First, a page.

You would have thought that the financial reporting press, in particular, would have picked apart the federal charges against Enron and its top echelon officers. Instead, the Fourth Estate became the feds' cheering gallery. Someday I think a new history will be written of the Enron affair, and I suspect that many reputations will be resurrected, and many others destroyed. While I think that Enron was probably an atrociously run company, I have trouble seeing the real criminality of many of the indictments brought.

BC: What impact has the PATRIOT Act had on the personal freedoms of your average American?

Harvey Silverglate: The PATRIOT Act was probably one of the least read pieces of legislation enacted in the history of Congress. It was long and complex, and was reportedly read by no more than a couple of members of Congress before being overwhelmingly enacted. It is an object lesson that we should not forget: When there is a high-profile national disaster, Congress should move deliberately rather than in panic, because otherwise long-term legislative disaster will long outlive the problem that ill-advised legislation was meant to remedy.

After the terrorist attacks of September 11, 2001, federal law enforcement and national security officials quickly cobbled together a collection of a long-standing wish-list that had been rejected by past Congresses, both Republican and Democratic. These proposals were kept in the top-drawer of the federal law enforcement and intelligence agencies for the opportunity to move them forward, and 9/11 provided that opportunity.

As a result, citizen privacy was compromised, and the collection of impossibly vague federal statutes and regulations grew substantially. Endlessly malleable statutes – providing "material assistance" to terrorists being just one small example—will remain on the books for a very long time. The PATRIOT Act was made possible by the long history of Congress enacting vague statutes that no one really understood but that no one was willing to admit they did not understand.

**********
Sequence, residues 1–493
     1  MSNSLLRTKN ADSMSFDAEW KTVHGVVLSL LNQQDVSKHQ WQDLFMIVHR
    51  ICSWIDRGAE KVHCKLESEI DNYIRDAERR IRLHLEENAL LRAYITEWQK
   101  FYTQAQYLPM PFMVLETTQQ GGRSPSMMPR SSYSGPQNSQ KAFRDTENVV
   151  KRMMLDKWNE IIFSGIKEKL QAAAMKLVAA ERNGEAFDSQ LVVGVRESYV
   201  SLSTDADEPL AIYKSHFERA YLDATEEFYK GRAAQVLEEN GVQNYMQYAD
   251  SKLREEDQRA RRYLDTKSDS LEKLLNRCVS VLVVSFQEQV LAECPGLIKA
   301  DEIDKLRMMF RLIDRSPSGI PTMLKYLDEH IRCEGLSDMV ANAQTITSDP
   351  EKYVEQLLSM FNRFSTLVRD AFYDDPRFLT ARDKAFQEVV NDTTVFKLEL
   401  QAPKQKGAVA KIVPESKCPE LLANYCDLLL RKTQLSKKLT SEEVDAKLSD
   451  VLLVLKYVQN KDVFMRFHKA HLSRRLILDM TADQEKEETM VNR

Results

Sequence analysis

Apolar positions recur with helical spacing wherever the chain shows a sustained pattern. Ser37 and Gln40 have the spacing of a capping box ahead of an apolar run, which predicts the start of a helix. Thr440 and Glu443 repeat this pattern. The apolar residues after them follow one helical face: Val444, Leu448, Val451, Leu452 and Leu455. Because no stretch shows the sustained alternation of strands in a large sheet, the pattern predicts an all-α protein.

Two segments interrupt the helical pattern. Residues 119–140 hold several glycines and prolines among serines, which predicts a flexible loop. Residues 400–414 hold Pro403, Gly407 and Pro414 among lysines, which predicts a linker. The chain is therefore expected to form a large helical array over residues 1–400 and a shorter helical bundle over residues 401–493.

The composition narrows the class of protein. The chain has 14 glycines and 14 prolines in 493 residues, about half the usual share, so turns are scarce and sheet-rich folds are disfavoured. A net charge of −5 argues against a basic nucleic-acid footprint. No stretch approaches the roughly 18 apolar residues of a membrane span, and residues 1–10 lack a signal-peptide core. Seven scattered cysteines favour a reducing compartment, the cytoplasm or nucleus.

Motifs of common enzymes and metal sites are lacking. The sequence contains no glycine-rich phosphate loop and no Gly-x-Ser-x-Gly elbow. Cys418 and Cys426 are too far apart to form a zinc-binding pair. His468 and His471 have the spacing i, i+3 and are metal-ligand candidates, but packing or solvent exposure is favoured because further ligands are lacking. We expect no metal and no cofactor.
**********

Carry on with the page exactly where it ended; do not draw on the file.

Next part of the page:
BC: Lastly, your book is quite compelling, but would you agree that many of the injustices you cite are simply a product of our federal government being too large? There appear to be no checks and balances on its power anymore.

Harvey Silverglate: It is absolutely true that the size of the federal government, and its increased intervention in all sectors of American life, have vastly augmented the number of instances in which innocent citizens find themselves indicted, convicted, and imprisoned for engaging in conduct that ordinary law-abiding citizens would deem to be lawful.

In the case of Morissette v. United States, discussed in the book and earlier in this interview, Morissette was indicted for stealing from a federal property used for military target practice. The immediate problem in the case was the wrong-headed application of federal larceny statutes to the case of a citizen who had no way of knowing that the materials he was gathering were not just abandoned junk. But it is also true that many more such cases could be brought today because the feds not only own vastly more properties, but they fund infinitely more programs and undertakings.

And so there is vastly more federal jurisdiction – opportunities to apply the vague federal statutes that increasingly rob the criminal justice system of its moral underpinnings. When the scales of power are so heavily weighted to one side, any notion of checks-and-balances becomes a joke. It will require a coordinated effort from the citizenry to rise up against the federal prosecutorial juggernaut; I'm hoping my book will be the catalyst. The thing that gives me great hope that this uprising will come to pass is that all sectors of civil society today find themselves in the same boat. When that occurs, concerted citizen action is a real possibility.

BC: Thanks so much for your time, Mr. Silverglate. ESR

Bernard Chapin wrote Women: Theory and Practice and Escape from Gangsta Island, along with a series of videos called Chapin's Inferno. You can contact him at veritaseducation@gmail.com.

Other related stories:

  • Fixing a broken legal system by Steven Martinovich (January 5, 2004)
    Steve Martinovich found Alan N. Young's Justice Defiled: Perverts, Potheads, Serial Killers and Lawyers -- an indictment of the Canadian legal system -- very interesting though a little low brow at times

 

Send a link to this page!
Send a link to this story

 

Home


 

Home

Site Map

E-mail ESR

ESR's blog

 

Send a link to this page!
Send a link to this story



Get weekly updates about new issues of ESR!
e-mail:
Subscribe
Unsubscribe

 

1996-2013, Enter Stage Right and/or its creators. All rights reserved.